UK police: Bottle was source of pair’s poisoning
British detectives investigating the poisoning of two people with a military-grade nerve agent said Friday that a small bottle found in the home of one of the victims tested positive for Novichok, a lethal substance produced in the Soviet Union during the Cold War.
Dawn Sturgess, 44, and Charlie Rowley, 45, were sickened June 30 in a southwestern England town not far from Salisbury, where British authorities say a Russian ex-spy and his daughter were poisoned with Novichok in March.
Sturgess died in a hospital Sunday. Rowley was in critical condition for more than a week, but has regained consciousness.
The Metropolitan Police said the bottle was found during searches of Rowley’s house Wednesday, and scientists confirmed the substance in the bottle was Novichok. Police have interviewed Rowley since he became conscious.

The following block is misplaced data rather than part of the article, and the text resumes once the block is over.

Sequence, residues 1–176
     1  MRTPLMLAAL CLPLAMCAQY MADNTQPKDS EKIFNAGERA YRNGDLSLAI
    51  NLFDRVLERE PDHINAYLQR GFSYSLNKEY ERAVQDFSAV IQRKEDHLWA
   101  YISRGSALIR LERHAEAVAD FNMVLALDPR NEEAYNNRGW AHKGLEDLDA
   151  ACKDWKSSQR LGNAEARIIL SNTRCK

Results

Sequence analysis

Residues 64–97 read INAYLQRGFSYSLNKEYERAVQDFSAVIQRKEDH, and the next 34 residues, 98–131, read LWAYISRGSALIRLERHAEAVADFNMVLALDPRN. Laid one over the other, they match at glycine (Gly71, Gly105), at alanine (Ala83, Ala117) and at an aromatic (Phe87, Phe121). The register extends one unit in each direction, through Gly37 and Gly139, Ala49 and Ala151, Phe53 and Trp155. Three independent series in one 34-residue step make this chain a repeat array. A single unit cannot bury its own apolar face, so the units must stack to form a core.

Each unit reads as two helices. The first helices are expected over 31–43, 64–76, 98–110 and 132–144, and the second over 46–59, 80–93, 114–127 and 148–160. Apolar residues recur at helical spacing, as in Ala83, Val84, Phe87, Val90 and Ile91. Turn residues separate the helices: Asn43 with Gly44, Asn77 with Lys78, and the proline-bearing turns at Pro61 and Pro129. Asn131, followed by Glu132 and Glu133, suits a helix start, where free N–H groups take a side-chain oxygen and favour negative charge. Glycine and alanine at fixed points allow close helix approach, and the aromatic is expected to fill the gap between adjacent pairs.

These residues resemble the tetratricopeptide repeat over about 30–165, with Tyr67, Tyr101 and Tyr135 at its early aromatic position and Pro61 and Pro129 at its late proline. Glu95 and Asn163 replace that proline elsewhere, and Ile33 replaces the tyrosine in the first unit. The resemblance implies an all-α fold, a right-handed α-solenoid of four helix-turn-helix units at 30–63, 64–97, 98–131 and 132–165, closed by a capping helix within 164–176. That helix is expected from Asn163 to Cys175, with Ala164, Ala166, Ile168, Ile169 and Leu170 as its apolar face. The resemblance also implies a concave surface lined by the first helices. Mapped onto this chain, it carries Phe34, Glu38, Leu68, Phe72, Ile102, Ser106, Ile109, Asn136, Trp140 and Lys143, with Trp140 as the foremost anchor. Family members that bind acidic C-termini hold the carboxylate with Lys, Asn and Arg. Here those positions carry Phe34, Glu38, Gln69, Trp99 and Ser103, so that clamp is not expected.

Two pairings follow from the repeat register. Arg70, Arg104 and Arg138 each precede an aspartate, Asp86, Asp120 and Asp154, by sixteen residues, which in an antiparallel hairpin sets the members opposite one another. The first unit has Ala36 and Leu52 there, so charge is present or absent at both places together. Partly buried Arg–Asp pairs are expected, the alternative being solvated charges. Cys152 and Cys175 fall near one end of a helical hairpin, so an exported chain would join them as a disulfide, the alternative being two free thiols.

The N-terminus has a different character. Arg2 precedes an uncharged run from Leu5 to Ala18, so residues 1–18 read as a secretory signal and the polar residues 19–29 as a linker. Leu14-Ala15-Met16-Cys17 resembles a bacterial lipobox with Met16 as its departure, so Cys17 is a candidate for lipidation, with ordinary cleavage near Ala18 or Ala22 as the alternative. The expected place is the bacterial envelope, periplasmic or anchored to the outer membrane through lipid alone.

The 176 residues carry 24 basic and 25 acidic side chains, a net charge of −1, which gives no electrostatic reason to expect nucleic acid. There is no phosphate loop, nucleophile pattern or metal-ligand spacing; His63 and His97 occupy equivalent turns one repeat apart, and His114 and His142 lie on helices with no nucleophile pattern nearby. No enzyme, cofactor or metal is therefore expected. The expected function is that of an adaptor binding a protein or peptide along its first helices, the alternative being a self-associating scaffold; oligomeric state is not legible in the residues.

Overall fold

Police are looking into where the bottle came from and how it got into Rowley’s house. They said tests would be done to try to establish if the nerve agent was from the same batch that was used to poison Russian ex-spy Sergei Skripal and his daughter, Yulia.
More than 100 police officers had searched for the source of Rowley and Sturgess’ exposure in Amesbury, where they lived, and Salisbury, where the Skripals were poisoned.
The Skripals survived and were released from the Salisbury hospital before Rowley and Sturgess were poisoned and taken there. British authorities took the father and daughter to a secret protected location.
British police said earlier they suspected the new victims had handled a container contaminated with Novichok and had no reason to think Rowley and Sturgess were targeted deliberately.